Dissociative Disorders

Imagine not knowing who you were or where you came from. What if your memory was gone, or your perception of self were altered suddenly, without warning? Dissociative disorders involve a dissociation or interruption of an individuals sense of self.[1] Individuals suffering from dissociative disorders can have issues remembering or connecting with:

  • Identity
  • Personal History

Dissociative disorders are often connected to an experienced trauma. The act of disassociating is believed to be a coping mechanism. Essentially, the person disassociates from situations that are too traumatic to process. Symptoms of dissociative disorder are seen in numerous mental illnesses including:

Types of Dissociative Disorder

Dissociative Amnesia

This condition is characterized by an individuals inability to recall critical personal information. Amnesia usually occurs after a traumatic and stressful event. This type of amnesia never occurs from a medical trauma, such as a blow to the head. This disorder has four subtypes including:

  • Selective Amnesia – This type of amnesia involves selective events during a specific period of time.
  • Localized Amnesia – This type of amnesia is limited to specific events.
  • Generalized Amnesia – This type of amnesia encompasses memories of an individuals entire life.
  • Systemized Amnesia – This involves amnesia surrounding specific categories, such as events involving another person or place.

Dissociative Identity Disorder

This condition is also known as multiple personality disorder, and is extremely famous. Individuals suffering from the disorder have multiple identities that surface regularly.

Dissociative Fugue

Individuals suffering from dissociative fugue may suddenly leave his or her life and surroundings. The fugue state inspires sufferers to set off on a journey. The expeditions can last several hours or longer. Individuals with this condition may assume new identities and be missing for some time.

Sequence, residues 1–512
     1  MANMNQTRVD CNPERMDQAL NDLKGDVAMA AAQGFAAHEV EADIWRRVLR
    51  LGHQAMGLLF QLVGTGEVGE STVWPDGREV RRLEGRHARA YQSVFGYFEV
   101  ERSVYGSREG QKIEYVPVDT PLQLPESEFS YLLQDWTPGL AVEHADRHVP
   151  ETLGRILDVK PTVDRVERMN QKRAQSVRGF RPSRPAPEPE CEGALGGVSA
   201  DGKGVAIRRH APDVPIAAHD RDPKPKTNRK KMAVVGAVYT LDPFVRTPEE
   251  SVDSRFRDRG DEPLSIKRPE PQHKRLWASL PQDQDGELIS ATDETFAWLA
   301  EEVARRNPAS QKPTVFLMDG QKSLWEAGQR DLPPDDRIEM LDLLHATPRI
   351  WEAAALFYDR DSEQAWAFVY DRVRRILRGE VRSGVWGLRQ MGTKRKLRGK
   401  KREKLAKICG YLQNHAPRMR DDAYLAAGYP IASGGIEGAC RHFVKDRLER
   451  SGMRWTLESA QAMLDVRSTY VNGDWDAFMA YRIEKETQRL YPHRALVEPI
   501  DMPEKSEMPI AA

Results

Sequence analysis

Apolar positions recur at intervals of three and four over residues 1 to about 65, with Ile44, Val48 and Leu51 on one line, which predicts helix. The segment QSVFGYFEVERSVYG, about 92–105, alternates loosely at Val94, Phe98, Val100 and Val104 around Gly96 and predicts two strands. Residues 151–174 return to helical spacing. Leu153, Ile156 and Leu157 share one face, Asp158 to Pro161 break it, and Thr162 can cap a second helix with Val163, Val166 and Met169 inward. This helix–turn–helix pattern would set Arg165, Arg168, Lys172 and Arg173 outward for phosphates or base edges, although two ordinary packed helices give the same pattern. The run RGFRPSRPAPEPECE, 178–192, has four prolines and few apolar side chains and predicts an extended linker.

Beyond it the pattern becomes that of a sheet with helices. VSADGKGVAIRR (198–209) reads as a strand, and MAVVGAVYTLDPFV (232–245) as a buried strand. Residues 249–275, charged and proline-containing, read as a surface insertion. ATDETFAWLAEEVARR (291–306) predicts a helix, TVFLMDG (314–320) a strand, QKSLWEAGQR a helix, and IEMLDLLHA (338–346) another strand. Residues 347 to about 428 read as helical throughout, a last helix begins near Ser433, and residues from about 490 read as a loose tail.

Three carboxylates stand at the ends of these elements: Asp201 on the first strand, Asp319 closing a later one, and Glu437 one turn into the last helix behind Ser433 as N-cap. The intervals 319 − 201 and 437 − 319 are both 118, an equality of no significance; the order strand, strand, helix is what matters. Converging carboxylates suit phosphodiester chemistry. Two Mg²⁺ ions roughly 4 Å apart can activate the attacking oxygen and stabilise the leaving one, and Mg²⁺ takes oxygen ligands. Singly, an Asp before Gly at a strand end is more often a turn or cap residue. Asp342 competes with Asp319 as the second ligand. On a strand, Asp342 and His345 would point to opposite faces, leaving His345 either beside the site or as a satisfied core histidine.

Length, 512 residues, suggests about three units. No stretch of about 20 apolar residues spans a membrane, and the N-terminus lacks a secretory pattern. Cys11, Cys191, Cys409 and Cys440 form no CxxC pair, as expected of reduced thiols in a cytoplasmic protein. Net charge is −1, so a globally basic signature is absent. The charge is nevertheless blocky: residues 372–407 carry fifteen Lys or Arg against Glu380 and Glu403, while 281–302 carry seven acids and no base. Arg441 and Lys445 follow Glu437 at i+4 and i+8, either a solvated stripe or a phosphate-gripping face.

Depersonalization Disorder

This disorder involves a recurring feeling of detachment from one’s own physical being or sense of self. Depersonalization is easily identified with by the general public because it is easy to understand feeling as if one is dreaming, or feeling a general loss of control. However, individuals who have this disorder experience these feelings so frequently and severely that their day to day functioning is severely impaired. The experience can be so severe that an individual may believe that the world is not real or distorted.

Treating Dissociative Disorder

Dissociative disorders are usually triggered by abuse or trauma; individuals suffering from the disorder may benefit from psychotherapy and medications to control anxiety and depression.[2]


  1. “Dissociative disorders – MayoClinic.com.” Mayo Clinic. N.p., n.d. Web. 28 June 2012. Retrieved dfrom http://www.mayoclinic.com/health/dissociative-disorders/DS00574.
  2. “Memory loss: MedlinePlus Medical Encyclopedia.” National Library of Medicine – National Institutes of Health. N.p., n.d. Web. 28 June 2012. Retrieved from http://www.nlm.nih.gov/medlineplus/ency/article/003257.htm.

By C. J. Newton, MA, Therapists.com Editor

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